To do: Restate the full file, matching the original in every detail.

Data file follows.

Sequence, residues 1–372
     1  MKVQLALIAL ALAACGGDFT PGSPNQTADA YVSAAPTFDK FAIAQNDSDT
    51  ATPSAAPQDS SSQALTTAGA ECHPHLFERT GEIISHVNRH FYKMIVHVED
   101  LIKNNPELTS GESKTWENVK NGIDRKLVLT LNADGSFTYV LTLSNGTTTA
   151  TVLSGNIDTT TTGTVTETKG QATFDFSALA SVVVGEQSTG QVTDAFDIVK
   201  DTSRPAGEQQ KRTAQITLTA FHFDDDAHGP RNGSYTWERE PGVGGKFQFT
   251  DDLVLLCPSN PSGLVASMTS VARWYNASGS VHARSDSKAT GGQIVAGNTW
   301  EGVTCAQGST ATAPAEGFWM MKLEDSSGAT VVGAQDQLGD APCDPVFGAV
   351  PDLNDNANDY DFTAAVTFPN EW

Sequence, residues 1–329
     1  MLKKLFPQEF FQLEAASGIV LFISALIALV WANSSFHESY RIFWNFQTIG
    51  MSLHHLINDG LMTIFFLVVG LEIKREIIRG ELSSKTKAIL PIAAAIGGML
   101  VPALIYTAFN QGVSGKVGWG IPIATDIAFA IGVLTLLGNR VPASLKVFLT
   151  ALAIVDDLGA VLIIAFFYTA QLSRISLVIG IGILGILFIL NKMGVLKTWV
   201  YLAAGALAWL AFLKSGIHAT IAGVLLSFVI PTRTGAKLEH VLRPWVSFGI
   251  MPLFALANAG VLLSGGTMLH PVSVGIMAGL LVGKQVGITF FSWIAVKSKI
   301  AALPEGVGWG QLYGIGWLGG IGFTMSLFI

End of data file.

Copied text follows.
Sequence, residues 1–372
     1  MKVQLALIAL ALAACGGDFT PGSPNQTADA YVSAAPTFDK FAIAQNDSDT
    51  ATPSAAPQDS SSQALTTAGA ECHPHLFERT GEIISHVNRH FYKMIVHVED
   101  LIKNNPELTS GESKTWENVK NGIDRKLVLT LNADGSFTYV LTLSNGTTTA
   151  TVLSGNIDTT TTGTVTETKG QATFDFSALA SVVVGEQSTG QVTDAFDIVK
   201  DTSRPAGEQQ KRTAQITLTA FHFDDDAHGP RNGSYTWERE PGVGGKFQFT
   251  DDLVLLCPSN PSGLVASMTS VARWYNASGS VHARSDSKAT GGQIVAGNTW
   301  EGVTCAQGST ATAPAEGFWM MKLEDSSGAT VVGAQDQLGD APCDPVFGAV
   351  PDLNDNANDY DFTAAVTFPN EW

Sequence, residues 1–329
     1  MLKKLFPQEF FQLEAASGIV LFISALIALV WANSSFHESY RIFWNFQTIG
    51  MSLHHLINDG LMTIFFLVVG LEIKREIIRG ELSSKTKAIL PIAAAIGGML
   101  VPALIYTAFN QGVSGKVGWG IPIATDIAFA IGVLTLLGNR VPASLKVFLT
   151  ALAIVDDLGA VLIIAFFYTA QLSRISLVIG IGILGILFIL NKMGVLKTWV
   201  YLAAGALAWL AFLKSGIHAT IAGVLLSFVI PTRTGAKLEH VLRPWVSFGI
   251  MPLFALANAG VLLSGGTMLH PVSVGIMAGL LVGKQVGITF FSWIAVKSKI
   301  AALPEGVGWG QLYGIGWLGG IGFTMSLFI